Recycling Endosomes in Mature Epithelia Restrain Tumorigenic Signaling
Program in Molecular Medicine
Cancer Biology | Neoplasms | Oncology | Translational Medical Research
The effects of polarized membrane trafficking in mature epithelial tissue on cell growth and cancer progression have not been fully explored in vivo. A majority of colorectal cancers have reduced and mislocalized Rab11, a small GTPase dedicated to trafficking of recycling endosomes. Patients with low Rab11 protein expression have poor survival rates. Using genetic models across species, we show that intact recycling endosome function restrains aberrant epithelial growth elicited by APC or RAS mutations. Loss of Rab11 protein led to epithelial dysplasia in early animal development and synergized with oncogenic pathways to accelerate tumor progression initiated by carcinogen, genetic mutation, or aging. Transcriptomic analysis uncovered an immediate expansion of the intestinal stem cell pool along with cell-autonomous Yki/Yap activation following disruption of Rab11a-mediated recycling endosomes. Intestinal tumors lacking Rab11a traffic exhibited marked elevation of nuclear Yap, upd3/IL6-Stat3, and amphiregulin-MAPK signaling, whereas suppression of Yki/Yap or upd3/IL6 reduced gut epithelial dysplasia and hyperplasia. Examination of Rab11a function in enteroids or cultured cell lines suggested that this endosome unit is required for suppression of the Yap pathway by Hippo kinases. Thus, recycling endosomes in mature epithelia constitute key tumor suppressors, loss of which accelerates carcinogenesis.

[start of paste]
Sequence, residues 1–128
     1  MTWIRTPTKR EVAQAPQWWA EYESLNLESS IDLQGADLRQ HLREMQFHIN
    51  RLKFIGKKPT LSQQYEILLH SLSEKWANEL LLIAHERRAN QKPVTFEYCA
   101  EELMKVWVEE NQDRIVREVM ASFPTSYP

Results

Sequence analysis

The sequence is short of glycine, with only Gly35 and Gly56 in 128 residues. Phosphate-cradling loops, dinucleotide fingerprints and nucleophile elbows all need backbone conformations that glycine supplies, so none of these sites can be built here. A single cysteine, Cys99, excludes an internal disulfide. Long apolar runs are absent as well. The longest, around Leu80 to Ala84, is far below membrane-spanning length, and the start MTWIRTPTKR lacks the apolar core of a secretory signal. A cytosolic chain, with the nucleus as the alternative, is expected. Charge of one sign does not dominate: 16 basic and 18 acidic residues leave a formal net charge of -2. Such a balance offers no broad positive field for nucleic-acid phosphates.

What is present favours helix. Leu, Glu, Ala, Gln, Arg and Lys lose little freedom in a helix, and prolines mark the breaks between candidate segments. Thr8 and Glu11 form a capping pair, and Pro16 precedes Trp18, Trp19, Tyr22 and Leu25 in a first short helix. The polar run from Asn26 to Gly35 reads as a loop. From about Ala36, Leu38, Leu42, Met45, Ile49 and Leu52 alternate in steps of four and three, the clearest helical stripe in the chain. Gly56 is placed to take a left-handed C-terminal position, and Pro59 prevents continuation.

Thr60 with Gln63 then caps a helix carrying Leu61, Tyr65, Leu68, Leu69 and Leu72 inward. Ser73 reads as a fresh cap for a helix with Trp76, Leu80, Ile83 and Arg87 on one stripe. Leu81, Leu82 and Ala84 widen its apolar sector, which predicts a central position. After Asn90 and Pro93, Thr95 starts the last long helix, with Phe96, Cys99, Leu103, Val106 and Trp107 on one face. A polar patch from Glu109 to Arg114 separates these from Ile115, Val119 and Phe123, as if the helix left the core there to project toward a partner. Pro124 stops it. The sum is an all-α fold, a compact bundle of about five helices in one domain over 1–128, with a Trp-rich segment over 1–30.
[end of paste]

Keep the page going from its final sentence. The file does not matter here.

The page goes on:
SIGNIFICANCE: Recycling endosome traffic in mature epithelia constitutes a novel tumor suppressing mechanism.
DOI of Published Version
Cancer Res. 2019 Aug 15;79(16):4099-4112. doi: 10.1158/0008-5472.CAN-18-4075. Epub 2019 Jun 25. Link to article on publisher's site
D'Agostino L, Nie Y, Li Q, Ip YT, Gao N. (2019). Recycling Endosomes in Mature Epithelia Restrain Tumorigenic Signaling. UMass Center for Clinical and Translational Science Supported Publications. https://doi.org/10.1158/0008-5472.CAN-18-4075. Retrieved from https://escholarship.umassmed.edu/umccts_pubs/204